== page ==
Yuri Rios, a Honduran immigrant, attempting to reunite with her husband in California, drowned on March 16 of this year, leaving two orphan children in Tijuana. Two days later a boat carrying 32 migrants fell apart in these same waters and two people drowned. On March 27, Jose Ramon, a Cuban immigrant, died of hypothermia in these same waters. In May, another boat carrying migrants crashed and sank in the adjacent waters, drowning four. Other drownings frequently take place in the Rio Grande on the Mexican border with Texas.

This latest fatality occurred as thousands of migrants are forced to brave extreme heat and drought to cross into the US in the brutal conditions in the Sonoran desert. Between January and July 2021, 146 bodies have been found in the Arizona Desert, according to Humane Borders, an Arizona-based immigrant rescue organization. Brad Jones, with Humane Borders, reported that “on average, about every two days migrants’ remains are found.”

Since last fall, some 1.7 million undocumented immigrants have been blocked from entering the US, the highest number since the government began keeping statistics in 1960. This mass migration takes place even though Mexico, Honduras and Guatemala, have increased the number of troops mobilized to block migrants from going north. According to White House Press Secretary Jen Psaki, in April 2021, Mexico assigned 10,000 armed troops at the border.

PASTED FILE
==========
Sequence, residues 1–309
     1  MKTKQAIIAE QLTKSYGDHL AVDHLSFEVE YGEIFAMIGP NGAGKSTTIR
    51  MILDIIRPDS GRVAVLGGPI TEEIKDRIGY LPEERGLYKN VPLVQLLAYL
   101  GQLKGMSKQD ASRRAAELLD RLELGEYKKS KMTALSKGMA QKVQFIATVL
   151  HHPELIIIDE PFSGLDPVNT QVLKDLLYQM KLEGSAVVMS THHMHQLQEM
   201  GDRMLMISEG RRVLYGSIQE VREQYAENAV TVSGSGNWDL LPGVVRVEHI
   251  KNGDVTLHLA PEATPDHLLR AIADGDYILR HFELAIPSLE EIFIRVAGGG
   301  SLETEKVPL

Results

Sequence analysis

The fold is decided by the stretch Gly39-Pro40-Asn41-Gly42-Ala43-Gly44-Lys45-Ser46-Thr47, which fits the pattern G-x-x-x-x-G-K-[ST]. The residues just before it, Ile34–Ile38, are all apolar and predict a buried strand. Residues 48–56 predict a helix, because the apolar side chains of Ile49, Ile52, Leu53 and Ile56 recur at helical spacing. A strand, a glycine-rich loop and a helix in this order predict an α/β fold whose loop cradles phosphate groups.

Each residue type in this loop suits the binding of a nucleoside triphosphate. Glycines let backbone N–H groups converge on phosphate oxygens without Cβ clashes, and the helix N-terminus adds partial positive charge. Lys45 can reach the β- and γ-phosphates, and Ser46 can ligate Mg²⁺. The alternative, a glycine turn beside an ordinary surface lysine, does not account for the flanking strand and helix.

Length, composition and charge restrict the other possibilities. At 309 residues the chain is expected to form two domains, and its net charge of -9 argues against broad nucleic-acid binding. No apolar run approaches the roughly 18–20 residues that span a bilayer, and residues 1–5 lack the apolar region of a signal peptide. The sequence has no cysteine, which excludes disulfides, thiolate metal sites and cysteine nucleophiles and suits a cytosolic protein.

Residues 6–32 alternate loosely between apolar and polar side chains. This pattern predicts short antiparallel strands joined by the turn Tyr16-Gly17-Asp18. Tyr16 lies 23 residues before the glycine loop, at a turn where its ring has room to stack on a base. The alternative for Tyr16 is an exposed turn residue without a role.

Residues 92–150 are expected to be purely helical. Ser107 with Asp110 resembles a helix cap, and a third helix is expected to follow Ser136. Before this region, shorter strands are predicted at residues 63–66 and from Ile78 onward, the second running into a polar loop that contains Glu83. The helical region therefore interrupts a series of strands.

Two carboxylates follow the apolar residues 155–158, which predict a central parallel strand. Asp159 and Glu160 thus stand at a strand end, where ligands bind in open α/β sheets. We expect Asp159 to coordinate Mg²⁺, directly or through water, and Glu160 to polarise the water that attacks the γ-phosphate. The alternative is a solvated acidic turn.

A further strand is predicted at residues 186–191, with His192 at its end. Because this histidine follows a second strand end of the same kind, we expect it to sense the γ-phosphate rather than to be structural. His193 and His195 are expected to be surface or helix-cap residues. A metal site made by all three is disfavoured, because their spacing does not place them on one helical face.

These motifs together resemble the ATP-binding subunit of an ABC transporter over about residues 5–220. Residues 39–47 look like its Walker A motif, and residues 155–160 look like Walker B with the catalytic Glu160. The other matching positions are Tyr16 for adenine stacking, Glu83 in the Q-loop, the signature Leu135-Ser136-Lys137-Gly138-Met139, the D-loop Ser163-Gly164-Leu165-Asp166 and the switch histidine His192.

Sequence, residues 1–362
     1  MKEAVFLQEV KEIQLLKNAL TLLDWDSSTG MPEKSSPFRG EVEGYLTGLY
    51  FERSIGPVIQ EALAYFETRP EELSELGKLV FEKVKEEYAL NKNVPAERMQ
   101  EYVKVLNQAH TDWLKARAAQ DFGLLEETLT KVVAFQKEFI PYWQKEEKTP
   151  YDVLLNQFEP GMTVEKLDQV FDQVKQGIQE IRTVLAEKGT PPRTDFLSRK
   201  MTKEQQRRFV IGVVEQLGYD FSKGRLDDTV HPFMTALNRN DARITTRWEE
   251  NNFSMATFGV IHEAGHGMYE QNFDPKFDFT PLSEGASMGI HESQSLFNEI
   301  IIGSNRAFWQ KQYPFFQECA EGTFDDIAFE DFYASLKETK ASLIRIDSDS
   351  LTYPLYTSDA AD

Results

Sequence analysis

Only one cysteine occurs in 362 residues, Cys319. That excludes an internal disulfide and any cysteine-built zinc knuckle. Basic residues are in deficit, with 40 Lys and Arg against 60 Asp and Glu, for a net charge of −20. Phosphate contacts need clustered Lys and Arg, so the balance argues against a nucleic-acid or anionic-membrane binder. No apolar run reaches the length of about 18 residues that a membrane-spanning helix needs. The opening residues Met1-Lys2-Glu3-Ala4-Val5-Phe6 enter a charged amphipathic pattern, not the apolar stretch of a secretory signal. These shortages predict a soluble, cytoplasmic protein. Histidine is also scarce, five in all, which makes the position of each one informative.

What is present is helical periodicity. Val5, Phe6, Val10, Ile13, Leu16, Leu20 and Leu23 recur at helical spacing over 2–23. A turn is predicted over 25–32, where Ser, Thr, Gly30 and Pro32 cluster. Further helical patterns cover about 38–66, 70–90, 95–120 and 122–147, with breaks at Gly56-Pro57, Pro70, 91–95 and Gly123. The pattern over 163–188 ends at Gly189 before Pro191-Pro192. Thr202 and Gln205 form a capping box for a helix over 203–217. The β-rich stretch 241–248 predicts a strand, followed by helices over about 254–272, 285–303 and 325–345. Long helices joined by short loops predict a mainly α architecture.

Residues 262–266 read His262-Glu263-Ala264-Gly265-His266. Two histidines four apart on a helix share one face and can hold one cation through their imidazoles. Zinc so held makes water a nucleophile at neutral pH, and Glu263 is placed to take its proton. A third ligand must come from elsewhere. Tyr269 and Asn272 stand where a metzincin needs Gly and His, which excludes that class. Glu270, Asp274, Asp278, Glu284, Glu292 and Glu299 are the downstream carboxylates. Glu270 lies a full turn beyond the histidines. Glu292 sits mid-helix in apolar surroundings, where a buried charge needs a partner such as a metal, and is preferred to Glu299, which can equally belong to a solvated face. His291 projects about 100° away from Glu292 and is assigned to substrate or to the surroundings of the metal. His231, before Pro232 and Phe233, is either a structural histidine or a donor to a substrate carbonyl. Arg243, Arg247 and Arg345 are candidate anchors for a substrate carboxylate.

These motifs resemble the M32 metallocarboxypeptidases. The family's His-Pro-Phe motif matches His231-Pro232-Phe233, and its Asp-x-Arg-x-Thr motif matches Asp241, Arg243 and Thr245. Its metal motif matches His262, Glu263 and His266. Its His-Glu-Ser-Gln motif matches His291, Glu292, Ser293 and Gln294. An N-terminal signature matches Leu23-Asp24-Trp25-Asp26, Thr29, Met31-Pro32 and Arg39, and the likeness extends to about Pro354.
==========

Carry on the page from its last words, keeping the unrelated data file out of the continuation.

The right to asylum, to seek refuge and exit from one nation to another, pushed by hunger, poverty and persecution, has been under increasing attack that was exacerbated during the Trump administration and has continued under Biden.

While Trump was in office, Stephen Miller, the fascist architect of child separation, saw in the devastating global pandemic an opportunity to further crack down on migrants and asylum seekers. The Trump administration began employing section 265 of Title 42 of the 1944 US Public Health Services Law. The law prevents immigrants from entering the United States, using the pretext of stopping the introduction of communicable diseases.